Archives for posts with tag: gelato

When we first arrived in Rome, there were many family debates about which place served the BEST gelato. But this discussion soon ended for the same reason that discussions about politics and religion are often avoided in families: no one was about to change their mind, and each of us defended our opinions with fervor.

Over time—and many scoops of gelato– we came to appreciate a few realities about the limitations of designating any one gelato as the BEST.

First, everyone has slightly different tastes, and a particular style or preparation of gelato might appeal to one person more than another. Second, we have learned that some gelaterias are better at some flavors than others—maybe one really shines with fruit flavors whereas others hit their high mark on nut flavors.

So we decided that the search for a BEST gelato was misguided, or at least futile . . .especially with so many outstanding exemplars in this city. But we also had an urge to gather some data, because we are inevitably asked: “What is your favorite gelato place in Rome?”

We wanted to pseudo-systematically evaluate the gelaterias of Rome. And we even (briefly) considered covering a true range or sample of establishments. But life is short and our time here shorter. Therefore, we decided to work with a restricted range. We culled lists from our favorite food bloggers and established dining guides including (Tavole Romane, Katie Parla, NileGuide, Gambero Rosso, Italian Linguini – Tempo di gelato). From these sources and others, we generated a list of any gelateria that made it onto any reputable food writers’ list of favorites. So remember that any place on our list is going to be pretty darn good!

We established a rating scale from 0 to 10. But because we were tasting gelati that would ALL be excellent, we adjusted the scale accordingly. Thus, the lowest score of a “1” meant Good But Not Memorable, the midpoint was Really Good, a “7” was Amazing and by the time we got to a “10” our socks really needed to be knocked off.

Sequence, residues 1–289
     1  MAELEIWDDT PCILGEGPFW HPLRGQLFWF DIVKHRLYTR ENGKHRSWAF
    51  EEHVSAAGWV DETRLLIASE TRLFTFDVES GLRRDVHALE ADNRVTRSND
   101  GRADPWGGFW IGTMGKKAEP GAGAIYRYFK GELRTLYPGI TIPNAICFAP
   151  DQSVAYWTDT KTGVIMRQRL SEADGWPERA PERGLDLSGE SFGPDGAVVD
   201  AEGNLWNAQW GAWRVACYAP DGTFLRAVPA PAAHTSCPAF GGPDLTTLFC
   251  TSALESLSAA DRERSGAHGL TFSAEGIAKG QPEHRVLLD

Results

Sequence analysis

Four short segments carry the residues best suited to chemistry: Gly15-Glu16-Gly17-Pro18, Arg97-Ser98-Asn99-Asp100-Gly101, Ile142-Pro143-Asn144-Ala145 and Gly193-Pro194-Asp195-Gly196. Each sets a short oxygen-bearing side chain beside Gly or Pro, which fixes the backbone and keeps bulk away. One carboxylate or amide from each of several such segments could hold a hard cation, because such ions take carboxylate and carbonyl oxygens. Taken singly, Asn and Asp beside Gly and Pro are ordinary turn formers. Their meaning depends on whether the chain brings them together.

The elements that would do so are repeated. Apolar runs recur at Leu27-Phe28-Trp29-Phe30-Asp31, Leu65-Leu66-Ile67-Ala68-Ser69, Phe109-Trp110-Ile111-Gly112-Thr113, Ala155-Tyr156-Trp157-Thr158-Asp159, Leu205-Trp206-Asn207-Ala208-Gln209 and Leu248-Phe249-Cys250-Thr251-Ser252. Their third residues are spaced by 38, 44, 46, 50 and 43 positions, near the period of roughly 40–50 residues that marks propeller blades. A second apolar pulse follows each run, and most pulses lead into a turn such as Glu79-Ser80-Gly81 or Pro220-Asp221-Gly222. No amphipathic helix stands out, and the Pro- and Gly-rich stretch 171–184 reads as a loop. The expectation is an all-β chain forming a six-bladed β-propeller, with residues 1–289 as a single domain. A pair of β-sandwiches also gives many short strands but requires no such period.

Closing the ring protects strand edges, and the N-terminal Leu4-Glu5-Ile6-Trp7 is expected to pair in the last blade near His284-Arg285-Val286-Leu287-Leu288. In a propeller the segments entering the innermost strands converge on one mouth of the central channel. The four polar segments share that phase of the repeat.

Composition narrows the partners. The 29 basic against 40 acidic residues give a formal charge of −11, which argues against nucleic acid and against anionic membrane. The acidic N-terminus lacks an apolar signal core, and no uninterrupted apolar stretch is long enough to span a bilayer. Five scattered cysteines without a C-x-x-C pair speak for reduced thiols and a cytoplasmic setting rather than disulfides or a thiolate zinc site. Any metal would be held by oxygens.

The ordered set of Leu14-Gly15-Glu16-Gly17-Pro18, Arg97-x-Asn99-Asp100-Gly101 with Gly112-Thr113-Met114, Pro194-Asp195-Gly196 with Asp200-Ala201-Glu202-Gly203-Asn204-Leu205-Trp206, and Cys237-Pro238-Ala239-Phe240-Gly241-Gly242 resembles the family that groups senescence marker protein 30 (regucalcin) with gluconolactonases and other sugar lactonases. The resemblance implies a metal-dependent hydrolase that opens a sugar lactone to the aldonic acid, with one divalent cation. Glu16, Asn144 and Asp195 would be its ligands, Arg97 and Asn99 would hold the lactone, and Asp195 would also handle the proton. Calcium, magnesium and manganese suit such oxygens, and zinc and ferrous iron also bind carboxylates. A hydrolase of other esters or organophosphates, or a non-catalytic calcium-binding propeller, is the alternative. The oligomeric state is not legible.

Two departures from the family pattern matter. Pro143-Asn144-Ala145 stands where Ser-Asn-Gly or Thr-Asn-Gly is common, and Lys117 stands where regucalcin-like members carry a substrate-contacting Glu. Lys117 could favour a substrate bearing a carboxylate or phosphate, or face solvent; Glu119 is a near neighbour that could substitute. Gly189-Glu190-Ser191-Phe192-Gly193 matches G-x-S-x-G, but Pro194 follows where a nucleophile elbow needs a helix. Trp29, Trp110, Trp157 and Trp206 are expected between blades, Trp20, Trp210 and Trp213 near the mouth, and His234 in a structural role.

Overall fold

We evaluated separately TASTE, VARIETY of FLAVORS OFFERED, SERVICE, and assigned an OVERALL score that did not need to be additive or an average of the other scores.

“Taste” is an obvious category. We decided to also rate “Variety” and “Service”, but not let them necessarily influence our final scores for a few reasons. First, we agreed that there are times when it is good to have lots of choices. Maybe you are with a group and people might like different flavors, maybe you aren’t sure what you are in the mood for, or maybe it is just fun to peruse the case and see the offerings. But we also knew of places that only offer a few flavors at a time, and what they offer is outstanding.

Service did end up being important to us and influenced our gelato experience. It started to factor into our decisions about which place we wanted to go to. For example, there is a really cute Sicilian gelateria right around the corner from our house. We must have made 30 visits there within a short period of time, always ordered from the same lady, and never once did she show a glimmer of recognition or even a smile. A very fancy and famous place down the road, San Crispino, has okay gelato, but the most unpleasant employees we have ever encountered in Italy.  At one point we decided to never give them our business again because it just wasn’t fun and that makes the gelato less enjoyable. In contrast, a visit to Il Gelato di Claudio Torcè has felt like visiting the home of a friend. Rocco behind the counter always offers a warm greeting to our visiting guests, offers us a little taste before we order a new flavor that he thinks might not be for everyone, and even gave the kids a free scoop when they reported perfect scores on their math or spelling tests. Really, shouldn’t gelato always be fun? But we kept these scores separate because there is no notion of “customer service” here, and Italians would take no notice of surly staff—they just go for the food.

Nell was our most consistent taster: after a year here and what must amount to literally hundreds of scoops of gelato, she has never ordered anything but chocolate (with one exception). She argues that her tastings do reflect variety, as she has had Intense Chocolate, Madagascar Chocolate, Chocolate Cinnamon, etc. But because everyone else tasted across the gustatory board, Nell at least was comparing oranges with oranges (or chocolate with chocolate) across establishments. So her scores probably have less noise.